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why do the memcpy and sprintf in the following code are failed in kernel code?

static inline void my_func(){
    char* src,dst;
    int a =9; int b=10;

    src = sprintf("a= %d b= %d",a,b); 
    dst = kmalloc(strlen(src)*sizeof(char) , GFP_KERNEL);
    memcpy(dst, src, strlen(src));
}
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Those of you said it is not in the kernel. try grep the kernel and see sprintf.... e.g.: lxr.free-electrons.com/source/drivers/s390/net/… –  0x90 Aug 26 '12 at 6:54
    
Please rework your question title. this one makes no sense –  Jens Gustedt Aug 26 '12 at 7:27

5 Answers 5

up vote 2 down vote accepted

sprintf prints in to a char array. Hence the correct usage would be,

char src [MAX_CHARS];
sprintf(src, "a = %d, b = %d", a, b);

Alternatively, you could use char *src and allocate memory to src prior to calling sprintf.

The declaration for dest should be,

char *src, *dest;

Another issue to be aware of is that in memcpy(dst, src, strlen(src)), the strlen returns the length of the string without the terminating null character. Hence, if you want to copy the entire string along with the null character, you will have to add 1 to the value returned by strlen function.

dest = malloc( strlen(src) + 1 );
memcpy( dest, src, strlen(src) + 1 );
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sprintf is a libc function not available in the kernel –  Adrian Cornish Aug 26 '12 at 5:20
    
@AdrianCornish, True, but it looks like like 0x90 is learning allocation, string, sprintf... –  shr Aug 26 '12 at 5:24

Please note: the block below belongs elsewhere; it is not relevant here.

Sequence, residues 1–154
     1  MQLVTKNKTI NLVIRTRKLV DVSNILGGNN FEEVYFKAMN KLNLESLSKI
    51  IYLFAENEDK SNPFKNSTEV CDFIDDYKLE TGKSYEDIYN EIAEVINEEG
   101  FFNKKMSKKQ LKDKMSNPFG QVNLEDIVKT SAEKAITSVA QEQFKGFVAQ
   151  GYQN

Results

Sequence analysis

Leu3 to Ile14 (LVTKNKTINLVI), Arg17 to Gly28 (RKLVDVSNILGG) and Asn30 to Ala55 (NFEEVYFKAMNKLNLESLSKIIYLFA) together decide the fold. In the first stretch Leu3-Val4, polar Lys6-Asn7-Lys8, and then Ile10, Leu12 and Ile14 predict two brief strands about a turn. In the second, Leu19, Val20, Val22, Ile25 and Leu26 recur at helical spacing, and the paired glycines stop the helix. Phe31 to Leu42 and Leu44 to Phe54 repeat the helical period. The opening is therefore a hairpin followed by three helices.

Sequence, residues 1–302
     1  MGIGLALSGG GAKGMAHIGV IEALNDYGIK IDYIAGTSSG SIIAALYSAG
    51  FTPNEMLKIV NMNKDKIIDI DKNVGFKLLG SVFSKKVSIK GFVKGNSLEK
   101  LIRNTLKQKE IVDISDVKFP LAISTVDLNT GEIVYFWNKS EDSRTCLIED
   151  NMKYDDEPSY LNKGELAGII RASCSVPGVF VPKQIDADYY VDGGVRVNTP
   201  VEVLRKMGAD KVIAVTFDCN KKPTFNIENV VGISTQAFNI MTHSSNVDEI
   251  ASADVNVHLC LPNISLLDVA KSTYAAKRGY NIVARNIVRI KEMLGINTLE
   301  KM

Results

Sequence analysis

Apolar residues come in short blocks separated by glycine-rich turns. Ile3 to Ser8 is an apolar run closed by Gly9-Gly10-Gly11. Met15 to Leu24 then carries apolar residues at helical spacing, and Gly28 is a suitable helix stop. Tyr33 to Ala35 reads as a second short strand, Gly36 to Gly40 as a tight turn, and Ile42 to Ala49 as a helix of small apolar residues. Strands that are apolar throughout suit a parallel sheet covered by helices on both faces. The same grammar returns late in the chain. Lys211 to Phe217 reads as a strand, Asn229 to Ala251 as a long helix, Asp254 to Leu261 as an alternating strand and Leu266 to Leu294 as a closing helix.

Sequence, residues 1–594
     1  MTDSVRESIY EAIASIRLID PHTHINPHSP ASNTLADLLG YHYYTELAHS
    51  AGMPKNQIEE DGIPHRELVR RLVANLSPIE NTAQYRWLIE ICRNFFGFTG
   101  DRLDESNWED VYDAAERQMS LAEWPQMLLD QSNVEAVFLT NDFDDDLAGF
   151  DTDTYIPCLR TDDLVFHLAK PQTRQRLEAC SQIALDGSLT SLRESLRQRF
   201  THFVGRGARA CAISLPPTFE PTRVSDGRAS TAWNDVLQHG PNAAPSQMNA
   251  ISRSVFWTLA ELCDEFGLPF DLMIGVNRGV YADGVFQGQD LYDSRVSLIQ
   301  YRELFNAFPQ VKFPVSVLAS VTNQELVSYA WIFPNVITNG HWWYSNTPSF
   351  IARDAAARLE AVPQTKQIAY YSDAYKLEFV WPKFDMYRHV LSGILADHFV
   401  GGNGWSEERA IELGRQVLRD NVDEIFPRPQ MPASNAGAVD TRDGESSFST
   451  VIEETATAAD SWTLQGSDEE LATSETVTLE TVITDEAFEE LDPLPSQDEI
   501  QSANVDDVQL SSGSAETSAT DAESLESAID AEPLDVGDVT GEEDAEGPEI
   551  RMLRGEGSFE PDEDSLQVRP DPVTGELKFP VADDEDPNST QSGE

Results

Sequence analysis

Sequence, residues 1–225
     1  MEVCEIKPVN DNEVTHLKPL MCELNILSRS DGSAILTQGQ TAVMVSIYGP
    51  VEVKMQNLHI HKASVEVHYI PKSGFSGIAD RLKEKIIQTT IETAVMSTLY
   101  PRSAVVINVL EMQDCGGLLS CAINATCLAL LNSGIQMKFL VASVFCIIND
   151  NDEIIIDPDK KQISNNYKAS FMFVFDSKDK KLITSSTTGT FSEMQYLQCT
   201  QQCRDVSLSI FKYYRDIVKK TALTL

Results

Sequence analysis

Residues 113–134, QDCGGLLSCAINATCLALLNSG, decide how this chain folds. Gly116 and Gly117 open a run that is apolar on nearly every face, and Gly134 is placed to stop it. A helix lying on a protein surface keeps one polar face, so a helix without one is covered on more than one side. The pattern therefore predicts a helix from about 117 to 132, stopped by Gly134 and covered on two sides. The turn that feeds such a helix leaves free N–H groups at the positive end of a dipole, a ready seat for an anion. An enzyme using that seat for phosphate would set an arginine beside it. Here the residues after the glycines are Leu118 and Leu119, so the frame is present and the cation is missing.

@AdrianCornish sprintf is defined in lib/vsprintf.c. –  cnicutar Aug 26 '12 at 5:30
    
@shr and why does that have any relevance to his question that these function are not available in the kernel - they are not there full stop. –  Adrian Cornish Aug 26 '12 at 5:31
1  
@AdrianCornish lxr.free-electrons.com/source/lib/vsprintf.c –  cnicutar Aug 26 '12 at 5:32

You could use kmalloc,kfree,ksnprintf -

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1  
There's no function called ksnprintf –  cnicutar Aug 26 '12 at 5:28

Because neither exist in kernel programming.

libc functions are not available to the kernel simply because they then tie the kernel to a language standard - and also some of them are just plain efficient for kernel use. Arvind has provided the kernel equivalents.

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1  
The kernel isn't linked with libc but identically-named functions exist. –  cnicutar Aug 26 '12 at 5:29
    
They are not named the same –  Adrian Cornish Aug 26 '12 at 5:38
1  

kernel C library and libc both are dofferent. Avoid using libc function in kernel modules. And here sprintf is under libc.

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Aside from other coding issues you have there, use snprintf() and kmemdup().

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